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See also: Phlogiston


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From Late Latin phlogiston, coined by Stahl in 1702, from Ancient Greek φλογιστόν ‎(phlogistón), neuter of φλογιστός ‎(phlogistós, burnt up, inflammable), from φλογίζω ‎(phlogízō, to set fire to), from φλόξ ‎(phlóx, flame).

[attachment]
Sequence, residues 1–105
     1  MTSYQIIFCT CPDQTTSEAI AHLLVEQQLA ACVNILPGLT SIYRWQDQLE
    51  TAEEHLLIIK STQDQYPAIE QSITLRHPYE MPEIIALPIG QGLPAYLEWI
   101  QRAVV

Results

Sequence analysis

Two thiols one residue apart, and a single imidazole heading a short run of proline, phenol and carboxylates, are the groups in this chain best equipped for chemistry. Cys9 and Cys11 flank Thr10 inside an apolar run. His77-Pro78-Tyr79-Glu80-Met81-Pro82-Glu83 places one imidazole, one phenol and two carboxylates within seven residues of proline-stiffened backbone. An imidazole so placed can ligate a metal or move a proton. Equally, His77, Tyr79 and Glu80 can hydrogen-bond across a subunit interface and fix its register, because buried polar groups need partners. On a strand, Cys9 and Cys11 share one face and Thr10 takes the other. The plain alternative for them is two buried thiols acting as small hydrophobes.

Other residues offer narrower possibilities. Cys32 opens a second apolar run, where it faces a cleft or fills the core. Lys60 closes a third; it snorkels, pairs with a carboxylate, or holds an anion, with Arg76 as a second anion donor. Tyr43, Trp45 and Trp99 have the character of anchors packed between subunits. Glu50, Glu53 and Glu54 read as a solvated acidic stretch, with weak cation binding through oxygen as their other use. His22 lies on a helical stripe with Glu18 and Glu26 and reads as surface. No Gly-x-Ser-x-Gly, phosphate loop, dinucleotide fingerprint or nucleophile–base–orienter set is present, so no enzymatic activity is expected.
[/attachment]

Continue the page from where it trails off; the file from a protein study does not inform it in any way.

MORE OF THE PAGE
• IPA(key): /flə(ʊ)ˈdʒɪstɒn/


phlogiston ‎(usually uncountable, plural phlogistons)

  1. (chemistry, historical) The hypothetical fiery principle formerly assumed to be a necessary constituent of combustible bodies and to be given up by them in burning.
    • 2006, Philip Ball, The Devil's Doctor, Arrow 2007, p. 397:
      Stahl argued that phlogiston could explain combustion, a central concern of eighteenth-century chemistry.

Derived terms[edit]


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